Theorem 6.1: If two parallel lines are transected by a third, the alternate interior angles are the same size.

Proof: Let   A   and   B   denote the points where the transverse line meets the parallel lines. Let   C   be the midpoint of the line segment between   A   and   B.   Let   DE   be the line through   C   which is perpendicular to one, and hence, by Theorem 1.14, both of the parallel lines.

Let   D   be the point where the perpendicular line meets the line which contains the point   A   and let   E   be the point where the perpendicular line meets the line that contains the point   B.   If we rotate the figure   180o   about point   C,   then point   A   is moved to point   B   and vice versa. Let   D'   be the point to which   D   is moved. Then   D'   and   B   are points on the line to which the line which is determined by   AD   is moved, So the line determined by   D'   and   B is the line to which the line determined by   AD   is moved . Since rotations preserve the size of angles, by Theorem 5.6,   / CD'B is a right angle. Thus, the line determined by   D'   and   B   is a line through   B   which is parallel to   AD   by Theorem 1.15. But, there is only one line through   B,   which is parallel to   AD,   so   BE = BD'.   So   / CAD   is moved to   / CBE.   Since a rotation is an invertible isometry by Theorem 5.12, it preserves the size of the angles by Theorem 5.6. We can conclude that the alternate interior angles are the same size.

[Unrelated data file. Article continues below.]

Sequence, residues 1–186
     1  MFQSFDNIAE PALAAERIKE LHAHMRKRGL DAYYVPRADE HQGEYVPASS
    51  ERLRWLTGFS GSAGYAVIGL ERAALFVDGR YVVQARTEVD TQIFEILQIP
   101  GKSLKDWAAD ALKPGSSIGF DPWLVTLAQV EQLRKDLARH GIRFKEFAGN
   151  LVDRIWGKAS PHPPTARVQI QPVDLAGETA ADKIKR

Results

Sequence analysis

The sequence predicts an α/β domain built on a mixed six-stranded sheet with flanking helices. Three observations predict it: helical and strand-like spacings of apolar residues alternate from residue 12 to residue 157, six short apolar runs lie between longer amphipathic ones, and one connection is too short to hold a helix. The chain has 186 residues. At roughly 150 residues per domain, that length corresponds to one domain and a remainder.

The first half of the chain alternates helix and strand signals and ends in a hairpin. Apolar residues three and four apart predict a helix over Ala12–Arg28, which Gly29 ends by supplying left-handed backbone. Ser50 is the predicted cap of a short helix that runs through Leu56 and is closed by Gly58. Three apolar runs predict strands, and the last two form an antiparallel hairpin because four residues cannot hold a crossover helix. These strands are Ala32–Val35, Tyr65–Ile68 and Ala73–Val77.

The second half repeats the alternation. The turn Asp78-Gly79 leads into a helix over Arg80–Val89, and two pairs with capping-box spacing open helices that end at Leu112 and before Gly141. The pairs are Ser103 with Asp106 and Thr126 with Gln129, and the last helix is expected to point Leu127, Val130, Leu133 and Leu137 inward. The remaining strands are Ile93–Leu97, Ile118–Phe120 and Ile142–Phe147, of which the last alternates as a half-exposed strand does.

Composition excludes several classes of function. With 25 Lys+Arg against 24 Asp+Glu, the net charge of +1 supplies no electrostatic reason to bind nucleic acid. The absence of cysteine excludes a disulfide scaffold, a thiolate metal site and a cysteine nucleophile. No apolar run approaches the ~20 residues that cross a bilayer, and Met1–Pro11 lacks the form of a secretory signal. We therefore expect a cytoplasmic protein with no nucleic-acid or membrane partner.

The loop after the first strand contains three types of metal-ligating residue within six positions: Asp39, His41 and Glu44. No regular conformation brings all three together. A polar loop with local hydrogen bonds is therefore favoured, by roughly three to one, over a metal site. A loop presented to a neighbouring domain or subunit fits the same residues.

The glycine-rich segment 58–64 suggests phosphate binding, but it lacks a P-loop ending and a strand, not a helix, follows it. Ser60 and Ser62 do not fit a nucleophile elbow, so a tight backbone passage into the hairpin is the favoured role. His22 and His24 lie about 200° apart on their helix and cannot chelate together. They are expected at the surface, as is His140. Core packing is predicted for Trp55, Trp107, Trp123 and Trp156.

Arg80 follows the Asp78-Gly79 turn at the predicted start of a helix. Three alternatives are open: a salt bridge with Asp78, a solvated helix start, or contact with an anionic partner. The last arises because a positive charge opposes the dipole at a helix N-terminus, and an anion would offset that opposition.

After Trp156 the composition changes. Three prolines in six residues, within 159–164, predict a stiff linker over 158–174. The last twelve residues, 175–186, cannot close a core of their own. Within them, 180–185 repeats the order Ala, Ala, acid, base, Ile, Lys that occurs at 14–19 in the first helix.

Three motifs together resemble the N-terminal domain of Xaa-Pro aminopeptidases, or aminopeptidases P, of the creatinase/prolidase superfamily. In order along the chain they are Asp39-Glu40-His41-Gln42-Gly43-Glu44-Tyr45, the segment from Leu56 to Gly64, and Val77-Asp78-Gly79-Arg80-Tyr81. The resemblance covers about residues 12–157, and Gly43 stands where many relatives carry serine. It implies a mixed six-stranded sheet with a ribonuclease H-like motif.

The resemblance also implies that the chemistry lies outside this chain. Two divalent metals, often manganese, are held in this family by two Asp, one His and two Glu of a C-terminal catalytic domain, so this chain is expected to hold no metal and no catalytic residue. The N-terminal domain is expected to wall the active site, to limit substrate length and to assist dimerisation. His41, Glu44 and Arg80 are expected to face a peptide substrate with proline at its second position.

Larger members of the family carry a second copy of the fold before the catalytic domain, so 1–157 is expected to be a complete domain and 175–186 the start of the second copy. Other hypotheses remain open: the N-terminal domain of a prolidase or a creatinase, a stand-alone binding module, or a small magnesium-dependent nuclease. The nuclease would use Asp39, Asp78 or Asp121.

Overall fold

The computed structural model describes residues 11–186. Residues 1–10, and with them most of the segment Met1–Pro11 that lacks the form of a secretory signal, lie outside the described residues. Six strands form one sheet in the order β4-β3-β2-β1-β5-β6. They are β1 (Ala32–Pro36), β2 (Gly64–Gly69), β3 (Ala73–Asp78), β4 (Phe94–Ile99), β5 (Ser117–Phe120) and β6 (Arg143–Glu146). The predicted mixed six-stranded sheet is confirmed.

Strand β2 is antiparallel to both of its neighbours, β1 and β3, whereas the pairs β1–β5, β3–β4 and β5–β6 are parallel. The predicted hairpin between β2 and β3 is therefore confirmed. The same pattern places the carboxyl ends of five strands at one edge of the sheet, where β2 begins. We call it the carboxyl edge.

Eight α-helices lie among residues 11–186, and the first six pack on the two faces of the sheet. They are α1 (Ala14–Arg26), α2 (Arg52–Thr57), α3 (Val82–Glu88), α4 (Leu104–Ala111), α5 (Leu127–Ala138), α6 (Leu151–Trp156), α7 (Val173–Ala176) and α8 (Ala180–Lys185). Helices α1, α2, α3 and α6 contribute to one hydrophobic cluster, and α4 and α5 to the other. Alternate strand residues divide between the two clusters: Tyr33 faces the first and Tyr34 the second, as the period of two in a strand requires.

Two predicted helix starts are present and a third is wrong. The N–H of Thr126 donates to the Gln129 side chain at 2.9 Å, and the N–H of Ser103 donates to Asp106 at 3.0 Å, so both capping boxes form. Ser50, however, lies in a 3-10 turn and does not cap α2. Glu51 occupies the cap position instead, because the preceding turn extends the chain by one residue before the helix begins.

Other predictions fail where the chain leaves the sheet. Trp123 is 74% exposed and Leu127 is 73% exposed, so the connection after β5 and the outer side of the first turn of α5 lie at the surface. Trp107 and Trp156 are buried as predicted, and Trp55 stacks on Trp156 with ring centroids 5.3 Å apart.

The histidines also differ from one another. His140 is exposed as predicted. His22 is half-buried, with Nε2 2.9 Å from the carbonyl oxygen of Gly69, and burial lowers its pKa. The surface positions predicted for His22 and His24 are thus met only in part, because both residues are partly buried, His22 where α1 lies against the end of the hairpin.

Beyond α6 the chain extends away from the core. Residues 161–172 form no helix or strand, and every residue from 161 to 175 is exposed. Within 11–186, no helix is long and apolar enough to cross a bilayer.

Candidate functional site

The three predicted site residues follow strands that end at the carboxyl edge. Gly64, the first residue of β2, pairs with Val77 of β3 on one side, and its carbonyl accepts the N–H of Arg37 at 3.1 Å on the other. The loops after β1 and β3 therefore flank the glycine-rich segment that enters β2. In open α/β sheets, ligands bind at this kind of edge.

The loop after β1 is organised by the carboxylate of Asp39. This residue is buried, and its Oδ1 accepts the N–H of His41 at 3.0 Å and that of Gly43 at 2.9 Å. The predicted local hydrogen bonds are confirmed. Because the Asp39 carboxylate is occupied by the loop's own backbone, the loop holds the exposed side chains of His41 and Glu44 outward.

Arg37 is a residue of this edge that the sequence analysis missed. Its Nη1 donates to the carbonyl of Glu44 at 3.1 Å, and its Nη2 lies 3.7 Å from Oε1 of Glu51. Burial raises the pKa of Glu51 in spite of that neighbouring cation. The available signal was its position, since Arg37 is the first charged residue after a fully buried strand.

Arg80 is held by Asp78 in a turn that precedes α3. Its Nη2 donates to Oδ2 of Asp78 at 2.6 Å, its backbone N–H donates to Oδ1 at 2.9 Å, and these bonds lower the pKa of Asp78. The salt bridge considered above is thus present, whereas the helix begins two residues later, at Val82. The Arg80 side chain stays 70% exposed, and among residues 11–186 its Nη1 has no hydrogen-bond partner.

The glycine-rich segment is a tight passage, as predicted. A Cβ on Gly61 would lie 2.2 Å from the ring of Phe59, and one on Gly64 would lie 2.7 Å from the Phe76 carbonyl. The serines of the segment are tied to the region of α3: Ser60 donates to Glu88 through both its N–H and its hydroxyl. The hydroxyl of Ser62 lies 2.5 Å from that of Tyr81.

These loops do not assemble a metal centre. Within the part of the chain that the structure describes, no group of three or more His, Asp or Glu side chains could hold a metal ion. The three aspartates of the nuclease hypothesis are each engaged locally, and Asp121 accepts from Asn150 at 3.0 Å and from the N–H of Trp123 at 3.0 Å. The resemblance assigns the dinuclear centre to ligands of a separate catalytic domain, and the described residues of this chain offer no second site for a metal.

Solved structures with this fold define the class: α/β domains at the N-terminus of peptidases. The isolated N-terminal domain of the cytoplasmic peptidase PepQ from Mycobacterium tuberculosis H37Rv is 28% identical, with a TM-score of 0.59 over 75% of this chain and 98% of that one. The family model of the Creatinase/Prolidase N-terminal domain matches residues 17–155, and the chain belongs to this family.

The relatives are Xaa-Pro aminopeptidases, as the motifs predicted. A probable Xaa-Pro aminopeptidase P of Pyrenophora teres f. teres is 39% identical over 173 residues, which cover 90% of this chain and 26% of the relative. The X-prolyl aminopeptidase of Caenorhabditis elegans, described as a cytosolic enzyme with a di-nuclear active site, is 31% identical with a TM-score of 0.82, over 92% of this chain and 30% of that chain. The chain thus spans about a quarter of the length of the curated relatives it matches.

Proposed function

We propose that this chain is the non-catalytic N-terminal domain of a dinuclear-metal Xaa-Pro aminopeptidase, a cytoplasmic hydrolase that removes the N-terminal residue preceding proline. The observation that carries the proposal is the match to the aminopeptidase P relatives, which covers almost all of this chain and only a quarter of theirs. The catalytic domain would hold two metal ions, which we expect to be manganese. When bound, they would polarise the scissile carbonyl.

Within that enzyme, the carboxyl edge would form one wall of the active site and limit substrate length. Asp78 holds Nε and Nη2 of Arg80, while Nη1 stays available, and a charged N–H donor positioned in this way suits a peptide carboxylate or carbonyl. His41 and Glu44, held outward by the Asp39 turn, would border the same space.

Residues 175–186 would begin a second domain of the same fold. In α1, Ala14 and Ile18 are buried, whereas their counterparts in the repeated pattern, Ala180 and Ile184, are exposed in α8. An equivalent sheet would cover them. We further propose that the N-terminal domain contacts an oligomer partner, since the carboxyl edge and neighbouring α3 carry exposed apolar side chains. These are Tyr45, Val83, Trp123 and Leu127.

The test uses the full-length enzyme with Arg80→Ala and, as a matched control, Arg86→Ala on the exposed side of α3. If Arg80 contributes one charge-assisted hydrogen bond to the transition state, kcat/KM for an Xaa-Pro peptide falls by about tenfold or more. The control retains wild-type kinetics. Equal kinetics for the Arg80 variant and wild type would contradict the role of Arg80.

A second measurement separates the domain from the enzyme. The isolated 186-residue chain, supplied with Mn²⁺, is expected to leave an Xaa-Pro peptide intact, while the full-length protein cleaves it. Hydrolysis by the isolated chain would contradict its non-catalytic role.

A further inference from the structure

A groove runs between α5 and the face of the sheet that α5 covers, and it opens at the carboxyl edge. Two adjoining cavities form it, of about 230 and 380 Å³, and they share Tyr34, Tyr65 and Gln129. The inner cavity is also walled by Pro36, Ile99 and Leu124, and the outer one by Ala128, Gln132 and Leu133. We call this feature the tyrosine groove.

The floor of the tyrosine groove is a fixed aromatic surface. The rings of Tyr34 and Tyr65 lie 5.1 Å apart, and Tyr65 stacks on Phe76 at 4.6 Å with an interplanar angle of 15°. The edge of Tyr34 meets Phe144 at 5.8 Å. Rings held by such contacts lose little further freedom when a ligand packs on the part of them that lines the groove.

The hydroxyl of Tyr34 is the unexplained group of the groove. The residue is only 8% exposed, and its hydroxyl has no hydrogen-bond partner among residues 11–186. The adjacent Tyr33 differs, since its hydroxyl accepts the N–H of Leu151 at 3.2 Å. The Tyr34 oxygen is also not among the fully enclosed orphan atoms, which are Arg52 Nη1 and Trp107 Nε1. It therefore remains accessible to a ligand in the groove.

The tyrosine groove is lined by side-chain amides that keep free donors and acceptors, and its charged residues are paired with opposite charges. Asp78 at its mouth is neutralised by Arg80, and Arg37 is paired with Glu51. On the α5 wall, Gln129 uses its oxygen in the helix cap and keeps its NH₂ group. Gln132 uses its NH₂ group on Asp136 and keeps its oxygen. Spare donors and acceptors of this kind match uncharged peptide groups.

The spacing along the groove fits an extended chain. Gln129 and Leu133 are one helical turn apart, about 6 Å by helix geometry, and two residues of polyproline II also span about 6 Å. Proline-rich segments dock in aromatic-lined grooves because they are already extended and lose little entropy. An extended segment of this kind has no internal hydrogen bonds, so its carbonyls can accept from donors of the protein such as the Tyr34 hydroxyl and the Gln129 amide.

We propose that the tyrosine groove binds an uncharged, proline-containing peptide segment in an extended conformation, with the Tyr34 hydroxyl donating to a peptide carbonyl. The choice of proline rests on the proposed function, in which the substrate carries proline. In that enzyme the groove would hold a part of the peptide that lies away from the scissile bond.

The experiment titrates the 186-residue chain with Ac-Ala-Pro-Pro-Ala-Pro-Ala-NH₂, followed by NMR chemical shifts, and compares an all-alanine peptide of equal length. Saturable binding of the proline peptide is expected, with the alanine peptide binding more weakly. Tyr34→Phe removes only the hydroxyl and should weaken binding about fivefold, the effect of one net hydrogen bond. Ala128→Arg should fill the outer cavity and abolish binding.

next theorem (6.2)